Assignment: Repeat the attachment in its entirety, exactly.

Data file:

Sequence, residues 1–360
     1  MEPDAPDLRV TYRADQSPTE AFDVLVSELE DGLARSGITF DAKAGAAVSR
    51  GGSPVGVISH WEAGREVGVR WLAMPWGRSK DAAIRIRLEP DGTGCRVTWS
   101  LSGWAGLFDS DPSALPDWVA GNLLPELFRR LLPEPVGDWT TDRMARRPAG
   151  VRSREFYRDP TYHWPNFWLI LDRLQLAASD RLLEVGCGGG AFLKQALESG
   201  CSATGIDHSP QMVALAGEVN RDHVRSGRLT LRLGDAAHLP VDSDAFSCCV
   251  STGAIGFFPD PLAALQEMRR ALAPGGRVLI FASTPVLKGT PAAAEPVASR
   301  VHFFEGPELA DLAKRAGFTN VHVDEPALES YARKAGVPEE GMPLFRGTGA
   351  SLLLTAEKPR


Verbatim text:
Sequence, residues 1–360
     1  MEPDAPDLRV TYRADQSPTE AFDVLVSELE DGLARSGITF DAKAGAAVSR
    51  GGSPVGVISH WEAGREVGVR WLAMPWGRSK DAAIRIRLEP DGTGCRVTWS
   101  LSGWAGLFDS DPSALPDWVA GNLLPELFRR LLPEPVGDWT TDRMARRPAG
   151  VRSREFYRDP TYHWPNFWLI LDRLQLAASD RLLEVGCGGG AFLKQALESG
   201  CSATGIDHSP QMVALAGEVN RDHVRSGRLT LRLGDAAHLP VDSDAFSCCV
   251  STGAIGFFPD PLAALQEMRR ALAPGGRVLI FASTPVLKGT PAAAEPVASR
   301  VHFFEGPELA DLAKRAGFTN VHVDEPALES YARKAGVPEE GMPLFRGTGA
   351  SLLLTAEKPR